I could go into detail about how to teach a dog to “sit”; but suffice it to say, hold a morsel of food in front of anyone’s face (human or canine) and they seem to sense what “sit” means. Even the seven-week-old munchkin figured out “sit”. And, just to mention it, you should NEVER hit or shout at your dog. It breeds fear and aggression. Would you want someone hitting or shouting at you? I am sure the answer is no. Your FAMILY pet is no different.

            West German Shepherds are sensitive, alert dogs. Case in point: Ryka allowed a neighbor to come to the fence and interact with her on two different occasions; I was standing next to her. That same neighbor, along with another rode their ATVs fast down the driveway adjourning our property. To Ryka, that was a sign of aggression; and, the result of that action is the person she once allowed to pet her is no longer welcome. While trying to hold a conversation, I had to stay far away from the fence for her to feel that I was safe.

            When you have friends with dogs and the dog is reacting in a non-positive manner towards you, you might take a moment and realize that it may not be the dog at fault, it may be your mannerisms. Sometimes, it only takes a small movement that the dog interprets as aggression to lose the dog’s confidence. My stepson glared at Ryka and then intending to play stomped at her with his foot. This tactic, which he considered play, constituted aggression to Ryka, and dogs have very long memories. Ryka’s behavior towards him changed and we have to kennel her while he is at our house.

            I hope you found a little bit of helpful information as you were reading this story. Raising dogs is no less an art form than raising children. It is all about finding the happy medium where we can all co-exist and enrich one another’s lives.

Tuesday, February 22, 2011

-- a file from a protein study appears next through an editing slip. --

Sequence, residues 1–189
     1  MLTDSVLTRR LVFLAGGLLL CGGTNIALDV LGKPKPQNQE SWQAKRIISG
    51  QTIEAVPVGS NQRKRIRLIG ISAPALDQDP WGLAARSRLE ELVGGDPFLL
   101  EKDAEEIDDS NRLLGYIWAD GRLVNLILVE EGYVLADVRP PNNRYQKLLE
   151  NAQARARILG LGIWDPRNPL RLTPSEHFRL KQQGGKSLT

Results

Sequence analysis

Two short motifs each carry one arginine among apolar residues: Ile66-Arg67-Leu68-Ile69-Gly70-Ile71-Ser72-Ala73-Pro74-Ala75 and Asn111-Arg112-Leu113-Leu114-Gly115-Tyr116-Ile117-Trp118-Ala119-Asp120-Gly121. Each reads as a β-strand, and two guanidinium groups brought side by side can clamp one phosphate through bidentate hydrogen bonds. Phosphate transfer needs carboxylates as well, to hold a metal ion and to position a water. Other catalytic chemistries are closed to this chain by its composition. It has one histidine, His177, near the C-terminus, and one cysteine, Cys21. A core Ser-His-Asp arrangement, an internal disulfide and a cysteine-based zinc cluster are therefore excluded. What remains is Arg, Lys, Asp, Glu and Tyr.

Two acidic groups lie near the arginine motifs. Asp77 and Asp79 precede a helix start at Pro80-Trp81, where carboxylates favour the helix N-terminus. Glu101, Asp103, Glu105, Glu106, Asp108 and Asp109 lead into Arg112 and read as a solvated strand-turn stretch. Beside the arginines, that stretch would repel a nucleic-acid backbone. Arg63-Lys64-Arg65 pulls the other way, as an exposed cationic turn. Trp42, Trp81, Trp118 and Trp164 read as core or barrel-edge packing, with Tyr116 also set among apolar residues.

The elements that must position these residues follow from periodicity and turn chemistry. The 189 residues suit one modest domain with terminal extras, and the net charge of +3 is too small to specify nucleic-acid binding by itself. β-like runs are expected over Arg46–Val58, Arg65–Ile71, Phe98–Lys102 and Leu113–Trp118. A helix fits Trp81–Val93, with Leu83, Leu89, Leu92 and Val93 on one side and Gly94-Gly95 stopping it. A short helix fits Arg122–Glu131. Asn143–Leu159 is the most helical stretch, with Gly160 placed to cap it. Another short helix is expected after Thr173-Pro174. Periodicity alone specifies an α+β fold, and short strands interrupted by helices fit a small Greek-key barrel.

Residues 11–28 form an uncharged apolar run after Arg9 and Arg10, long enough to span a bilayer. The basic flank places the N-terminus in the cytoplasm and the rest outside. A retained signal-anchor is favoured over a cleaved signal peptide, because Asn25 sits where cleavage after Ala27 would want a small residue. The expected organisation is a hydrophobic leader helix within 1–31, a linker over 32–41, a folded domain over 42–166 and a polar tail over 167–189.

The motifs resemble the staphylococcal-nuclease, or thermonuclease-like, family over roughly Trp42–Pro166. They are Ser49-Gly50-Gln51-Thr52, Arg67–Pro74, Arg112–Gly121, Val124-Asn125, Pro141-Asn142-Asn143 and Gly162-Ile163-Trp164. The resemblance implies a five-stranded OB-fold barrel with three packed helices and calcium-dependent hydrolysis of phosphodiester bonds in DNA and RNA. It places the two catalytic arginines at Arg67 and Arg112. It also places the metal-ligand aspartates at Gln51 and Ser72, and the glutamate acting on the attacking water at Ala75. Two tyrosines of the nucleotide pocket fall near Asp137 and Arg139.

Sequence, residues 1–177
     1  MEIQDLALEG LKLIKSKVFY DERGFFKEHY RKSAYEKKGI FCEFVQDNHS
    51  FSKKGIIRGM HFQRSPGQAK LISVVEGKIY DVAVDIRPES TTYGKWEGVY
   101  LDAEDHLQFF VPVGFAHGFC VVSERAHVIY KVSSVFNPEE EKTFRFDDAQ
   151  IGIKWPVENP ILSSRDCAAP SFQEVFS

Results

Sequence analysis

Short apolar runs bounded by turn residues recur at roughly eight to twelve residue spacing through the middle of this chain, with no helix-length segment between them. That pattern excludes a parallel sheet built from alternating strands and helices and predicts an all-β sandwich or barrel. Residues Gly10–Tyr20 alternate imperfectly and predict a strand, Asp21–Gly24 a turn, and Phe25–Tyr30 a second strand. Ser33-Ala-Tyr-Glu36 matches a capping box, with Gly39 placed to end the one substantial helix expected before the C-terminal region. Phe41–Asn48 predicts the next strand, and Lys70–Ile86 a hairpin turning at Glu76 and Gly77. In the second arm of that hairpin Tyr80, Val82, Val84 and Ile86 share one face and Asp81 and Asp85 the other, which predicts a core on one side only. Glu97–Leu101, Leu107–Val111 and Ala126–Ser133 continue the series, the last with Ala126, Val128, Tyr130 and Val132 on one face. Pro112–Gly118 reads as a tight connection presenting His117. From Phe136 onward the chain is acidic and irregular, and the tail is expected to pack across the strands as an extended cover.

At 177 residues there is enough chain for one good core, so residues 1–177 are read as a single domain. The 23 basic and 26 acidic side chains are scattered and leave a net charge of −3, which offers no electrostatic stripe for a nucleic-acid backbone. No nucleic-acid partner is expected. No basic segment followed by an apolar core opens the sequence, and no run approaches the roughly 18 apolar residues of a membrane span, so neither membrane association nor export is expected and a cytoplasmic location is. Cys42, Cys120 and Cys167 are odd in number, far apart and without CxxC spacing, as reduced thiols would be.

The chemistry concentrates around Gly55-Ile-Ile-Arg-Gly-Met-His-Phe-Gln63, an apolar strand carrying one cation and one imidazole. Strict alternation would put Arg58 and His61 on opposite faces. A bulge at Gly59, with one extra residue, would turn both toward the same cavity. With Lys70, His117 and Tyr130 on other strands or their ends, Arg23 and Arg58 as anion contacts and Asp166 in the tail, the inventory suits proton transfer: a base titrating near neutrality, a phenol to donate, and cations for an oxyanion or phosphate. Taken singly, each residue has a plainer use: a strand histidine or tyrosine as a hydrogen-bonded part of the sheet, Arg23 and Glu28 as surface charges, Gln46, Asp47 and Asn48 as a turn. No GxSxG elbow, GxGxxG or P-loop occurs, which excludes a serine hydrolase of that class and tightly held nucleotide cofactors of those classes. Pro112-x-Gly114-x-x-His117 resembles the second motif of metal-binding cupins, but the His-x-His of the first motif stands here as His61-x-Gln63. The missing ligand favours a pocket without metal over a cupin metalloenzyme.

It is Official! I am an addict

….a dog addict that is. My house is a mess. The clothes are not folded (they are clean.) The sink is full of dirty dishes. The tub needs scrubbing. My husband needs to be fed. My hair needs washing, (and, are these the same clothes I had on yesterday?) and the floor needs mopping. But, who cares? I am having a ball.
            Taking care of a three year old shepherd and a six week old puppy is all consuming, at least if you are me. I go into the garage about 6:30 a.m. where they each have a kennel and the minute I quietly open the door, they sense and see my presence. The little monkey (Calypso) starts hopping around and yelping and Ryka sits up in her kennel. I grab their respective bowls and starting dishing out breakfast.
            I let Ryka out of her kennel, at which point I am greeted with lots of wet kisses (I love being loved), and we head out to the little pen/yard. I give her breakfast, then close the gate behind me and go back in to get Calypso (who at six weeks is patiently, well not that patiently, waiting to potty.) I grab her bowl of food and she hops along (literally, she has learned to hop/run) and follows me out of the door. She heads out to the grass and does her business (with lots of praise.)
            She eats a few bites and then heads over to the little yard to find Ryka. Ryka is more important than eating to her. After only three days, she has learned her way from the back door to the little yard, truly amazing! You can see in the pictures what transpires once she gets there. They play and nip through the fence. The little monkey then runs around and teases Ryka through the fence and they run around playing. It is just the cutest game to watch.
            The two girls played together on Saturday, but by Sunday Calypso was getting very frisky and Ryka, a little too comfortable and less careful so for the present time, they can only play through the kennel bars or the fence. They seem quite content with that arrangement so far.
Calypso teasing Ryka